January 28, 2021

Volume XI, Number 28

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OSHA COVID-19 Update

As COVID-19 cases have continued to rise across the United States, so have COVID-related OSHA complaints and investigations. OSHA has been tracking statistics on COVID-related complaints, referrals, inspections, and citations on a daily basis and posting the results posting the results on its website.

Federal OSHA has initiated over 1,000 investigations related to COVID-19. As of October 22, 2020, OSHA had issued just under 150 COVID-related citations. As we have previously reported, OSHA has not developed standards specific to COVID-19, but it is applying existing OSHA standards to COVID-related concerns. Some of the more frequently cited standards in these citations tend to fall into similar categories:

  • Respiratory protection: employers have been cited for lack of a written respiratory protection program, failure to perform fit testing and provide a medical evaluation to determine an employee’s ability to use a respirator, lack of adequate training.
  • General PPE requirements: employers have been cited for failure to assess the workplace to determine if hazards are present that require the use of PPE and failure to train employees on proper PPE use.
  • Recordkeeping and Reporting: employers have been cited for failure to properly record work-related COVID illnesses and report work-related COVID hospitalizations.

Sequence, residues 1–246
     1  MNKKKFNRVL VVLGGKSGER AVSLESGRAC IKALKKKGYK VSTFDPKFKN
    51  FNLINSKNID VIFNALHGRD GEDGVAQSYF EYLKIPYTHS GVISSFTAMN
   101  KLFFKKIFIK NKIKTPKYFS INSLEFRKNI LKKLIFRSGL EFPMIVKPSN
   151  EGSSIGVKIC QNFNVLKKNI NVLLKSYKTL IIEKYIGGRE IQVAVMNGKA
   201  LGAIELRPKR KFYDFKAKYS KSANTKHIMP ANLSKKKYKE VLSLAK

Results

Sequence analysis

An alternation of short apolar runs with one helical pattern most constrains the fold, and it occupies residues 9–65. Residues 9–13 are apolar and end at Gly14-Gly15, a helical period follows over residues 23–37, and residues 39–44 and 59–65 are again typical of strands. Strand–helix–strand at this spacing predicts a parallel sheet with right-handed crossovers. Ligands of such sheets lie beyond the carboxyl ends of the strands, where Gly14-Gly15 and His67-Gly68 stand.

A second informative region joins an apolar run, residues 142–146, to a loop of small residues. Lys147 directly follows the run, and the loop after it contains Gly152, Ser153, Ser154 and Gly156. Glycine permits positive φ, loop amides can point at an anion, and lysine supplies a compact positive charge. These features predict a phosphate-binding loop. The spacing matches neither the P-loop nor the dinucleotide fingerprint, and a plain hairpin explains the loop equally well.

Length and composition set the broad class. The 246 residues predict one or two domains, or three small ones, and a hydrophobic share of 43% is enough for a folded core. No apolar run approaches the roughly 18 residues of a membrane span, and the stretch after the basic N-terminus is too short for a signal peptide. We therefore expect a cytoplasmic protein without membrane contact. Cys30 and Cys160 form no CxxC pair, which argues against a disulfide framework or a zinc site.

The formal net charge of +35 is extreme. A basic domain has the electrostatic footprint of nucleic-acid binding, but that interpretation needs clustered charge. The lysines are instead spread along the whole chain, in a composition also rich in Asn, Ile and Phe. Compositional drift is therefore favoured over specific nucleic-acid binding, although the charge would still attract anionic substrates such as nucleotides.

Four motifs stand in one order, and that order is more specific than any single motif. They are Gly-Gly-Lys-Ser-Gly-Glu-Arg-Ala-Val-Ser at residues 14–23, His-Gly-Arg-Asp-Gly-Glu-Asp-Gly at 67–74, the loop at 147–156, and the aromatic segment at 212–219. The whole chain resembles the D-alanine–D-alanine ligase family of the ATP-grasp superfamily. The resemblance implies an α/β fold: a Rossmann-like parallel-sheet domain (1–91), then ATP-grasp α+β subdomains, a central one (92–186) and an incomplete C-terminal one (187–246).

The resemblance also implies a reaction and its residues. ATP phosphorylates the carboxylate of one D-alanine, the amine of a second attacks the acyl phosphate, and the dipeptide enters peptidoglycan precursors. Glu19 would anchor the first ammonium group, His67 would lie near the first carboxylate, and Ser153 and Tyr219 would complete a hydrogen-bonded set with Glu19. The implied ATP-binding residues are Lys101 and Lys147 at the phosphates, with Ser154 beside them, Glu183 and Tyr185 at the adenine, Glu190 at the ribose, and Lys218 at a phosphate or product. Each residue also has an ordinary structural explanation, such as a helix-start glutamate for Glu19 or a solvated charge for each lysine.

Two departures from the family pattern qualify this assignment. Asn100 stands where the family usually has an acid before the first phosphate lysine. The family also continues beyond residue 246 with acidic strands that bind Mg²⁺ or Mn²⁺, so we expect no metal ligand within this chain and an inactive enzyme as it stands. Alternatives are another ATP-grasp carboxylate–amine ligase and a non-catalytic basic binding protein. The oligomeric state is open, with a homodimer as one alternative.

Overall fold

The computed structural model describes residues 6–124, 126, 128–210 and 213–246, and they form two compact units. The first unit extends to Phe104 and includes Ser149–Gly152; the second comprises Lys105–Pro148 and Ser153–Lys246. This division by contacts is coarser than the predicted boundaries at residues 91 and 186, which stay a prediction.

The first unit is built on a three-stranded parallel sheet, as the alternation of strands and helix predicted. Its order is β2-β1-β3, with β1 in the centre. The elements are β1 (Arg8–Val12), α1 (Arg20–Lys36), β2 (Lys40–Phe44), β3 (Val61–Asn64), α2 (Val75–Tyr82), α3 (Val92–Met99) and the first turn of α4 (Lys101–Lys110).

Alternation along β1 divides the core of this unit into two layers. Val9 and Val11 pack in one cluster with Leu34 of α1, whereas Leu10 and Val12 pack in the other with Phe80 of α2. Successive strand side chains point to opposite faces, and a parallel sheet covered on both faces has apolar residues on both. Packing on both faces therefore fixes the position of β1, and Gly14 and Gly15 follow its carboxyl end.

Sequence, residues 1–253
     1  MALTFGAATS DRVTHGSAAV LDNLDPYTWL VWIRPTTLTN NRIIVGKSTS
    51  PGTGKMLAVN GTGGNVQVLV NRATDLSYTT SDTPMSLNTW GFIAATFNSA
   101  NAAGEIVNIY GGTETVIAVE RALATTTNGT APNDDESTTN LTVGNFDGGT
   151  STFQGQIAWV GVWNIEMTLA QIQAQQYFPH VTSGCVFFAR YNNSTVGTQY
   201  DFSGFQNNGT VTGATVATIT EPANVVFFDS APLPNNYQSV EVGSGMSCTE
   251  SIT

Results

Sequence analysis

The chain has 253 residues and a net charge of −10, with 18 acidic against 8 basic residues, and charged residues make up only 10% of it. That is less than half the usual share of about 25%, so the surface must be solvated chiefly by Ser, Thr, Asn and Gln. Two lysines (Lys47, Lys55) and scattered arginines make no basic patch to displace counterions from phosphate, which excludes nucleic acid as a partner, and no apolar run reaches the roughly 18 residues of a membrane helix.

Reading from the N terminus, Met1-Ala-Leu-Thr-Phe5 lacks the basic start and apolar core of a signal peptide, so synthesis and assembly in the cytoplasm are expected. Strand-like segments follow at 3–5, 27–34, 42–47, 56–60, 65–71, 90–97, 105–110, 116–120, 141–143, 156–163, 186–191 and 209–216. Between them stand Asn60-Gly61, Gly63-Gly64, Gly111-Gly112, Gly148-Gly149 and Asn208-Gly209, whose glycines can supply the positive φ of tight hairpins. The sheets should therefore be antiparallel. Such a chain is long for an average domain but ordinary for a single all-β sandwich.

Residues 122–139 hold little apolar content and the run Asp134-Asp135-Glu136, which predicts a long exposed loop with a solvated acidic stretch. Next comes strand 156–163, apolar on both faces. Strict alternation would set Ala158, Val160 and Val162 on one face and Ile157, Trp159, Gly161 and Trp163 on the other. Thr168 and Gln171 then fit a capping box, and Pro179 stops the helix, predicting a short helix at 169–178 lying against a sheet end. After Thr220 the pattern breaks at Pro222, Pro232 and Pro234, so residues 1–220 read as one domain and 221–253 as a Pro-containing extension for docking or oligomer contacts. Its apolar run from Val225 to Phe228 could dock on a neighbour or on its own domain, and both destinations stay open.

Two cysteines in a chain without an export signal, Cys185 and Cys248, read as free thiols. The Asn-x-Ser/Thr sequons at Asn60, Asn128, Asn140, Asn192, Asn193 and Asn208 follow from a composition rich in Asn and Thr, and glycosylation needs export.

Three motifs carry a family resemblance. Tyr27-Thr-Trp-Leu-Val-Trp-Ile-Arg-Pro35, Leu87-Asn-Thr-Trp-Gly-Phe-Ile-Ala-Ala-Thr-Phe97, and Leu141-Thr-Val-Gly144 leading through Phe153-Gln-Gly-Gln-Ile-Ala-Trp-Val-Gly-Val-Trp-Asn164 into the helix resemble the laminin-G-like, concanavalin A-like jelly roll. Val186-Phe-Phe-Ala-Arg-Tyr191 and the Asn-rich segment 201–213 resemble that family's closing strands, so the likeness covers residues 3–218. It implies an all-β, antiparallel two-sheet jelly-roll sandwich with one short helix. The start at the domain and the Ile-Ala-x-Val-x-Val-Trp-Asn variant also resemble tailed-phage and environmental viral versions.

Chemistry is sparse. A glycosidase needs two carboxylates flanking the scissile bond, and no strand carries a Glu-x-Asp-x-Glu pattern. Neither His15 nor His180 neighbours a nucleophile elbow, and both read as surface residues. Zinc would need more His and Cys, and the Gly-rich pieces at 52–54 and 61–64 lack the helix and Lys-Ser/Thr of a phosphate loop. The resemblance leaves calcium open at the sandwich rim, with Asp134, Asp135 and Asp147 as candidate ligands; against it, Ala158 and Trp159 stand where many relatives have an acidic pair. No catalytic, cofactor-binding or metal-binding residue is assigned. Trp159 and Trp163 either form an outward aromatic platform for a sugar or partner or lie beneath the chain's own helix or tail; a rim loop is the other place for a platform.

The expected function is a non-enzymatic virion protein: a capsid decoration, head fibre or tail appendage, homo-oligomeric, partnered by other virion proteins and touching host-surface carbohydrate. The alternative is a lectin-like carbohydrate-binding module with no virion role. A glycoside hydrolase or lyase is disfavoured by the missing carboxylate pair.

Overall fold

• General Duty Clause: employers have been cited for failure to provide a work environment “free from recognized hazards that are causing or are likely to cause death or serious physical harm” as required by the General Duty Clause of the OSH Act.

State plan states have also been busy inspecting OSHA-related complaints, with over 3,500 inspections to date. While inspections have been taking place all over the country, many of the inspections have been focused in OSHA Region 2 (New York and New Jersey) and Region 5 (Ohio, Indiana, Michigan, Illinois, Wisconsin, Minnesota).

Perhaps not surprisingly, COVID-related OSHA complaints have targeted industries that have remained at work through the pandemic, as well as those with a high potential for exposure. To that end, many complaints have been received in the healthcare industry, but other employers have not been spared. A considerable number of complaints are also being filed for the retail and food industries, courier and delivery industries, and the warehousing and storage industries.

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Copyright © 2020 Robinson & Cole LLP. All rights reserved.National Law Review, Volume X, Number 310
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About this Author

Megan Baroni Environmental attorney Robinson Cole
Partner

Megan Baroni has extensive experience counseling clients on a wide variety of environmental, health, and safety issues. She frequently represents manufacturers and distributors and is a contributing author to the firm's Manufacturing Law Blog, focusing on environmental, health, and safety trends that will impact the industry.
 
Environmental Compliance & Dispute Resolution 
Megan is a trusted advisor on complex environmental compliance issues, including the investigation, remediation, and redevelopment of contaminated properties;...

203.462.7528
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